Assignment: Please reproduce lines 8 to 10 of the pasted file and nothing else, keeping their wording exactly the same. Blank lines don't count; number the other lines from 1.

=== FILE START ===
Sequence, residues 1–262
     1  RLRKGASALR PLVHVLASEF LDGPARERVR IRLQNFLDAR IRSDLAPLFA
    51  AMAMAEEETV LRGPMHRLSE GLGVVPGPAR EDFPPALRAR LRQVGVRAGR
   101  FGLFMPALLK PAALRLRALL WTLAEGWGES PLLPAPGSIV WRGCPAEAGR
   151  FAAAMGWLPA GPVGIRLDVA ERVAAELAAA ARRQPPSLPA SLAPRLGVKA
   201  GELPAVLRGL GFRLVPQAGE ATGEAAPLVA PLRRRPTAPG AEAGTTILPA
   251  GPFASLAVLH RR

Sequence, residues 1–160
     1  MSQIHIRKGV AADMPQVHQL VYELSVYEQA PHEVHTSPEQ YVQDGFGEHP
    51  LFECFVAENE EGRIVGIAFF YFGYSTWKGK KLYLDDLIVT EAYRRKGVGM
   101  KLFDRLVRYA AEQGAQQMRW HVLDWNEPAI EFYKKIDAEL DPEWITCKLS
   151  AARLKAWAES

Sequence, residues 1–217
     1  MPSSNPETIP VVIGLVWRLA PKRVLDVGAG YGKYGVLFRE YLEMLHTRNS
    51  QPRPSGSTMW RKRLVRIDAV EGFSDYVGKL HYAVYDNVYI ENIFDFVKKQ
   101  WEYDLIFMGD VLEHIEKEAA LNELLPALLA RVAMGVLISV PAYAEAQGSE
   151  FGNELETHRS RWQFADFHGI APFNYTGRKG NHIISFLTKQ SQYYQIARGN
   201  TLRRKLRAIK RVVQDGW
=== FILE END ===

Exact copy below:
Sequence, residues 1–160
     1  MSQIHIRKGV AADMPQVHQL VYELSVYEQA PHEVHTSPEQ YVQDGFGEHP
    51  LFECFVAENE EGRIVGIAFF YFGYSTWKGK KLYLDDLIVT EAYRRKGVGM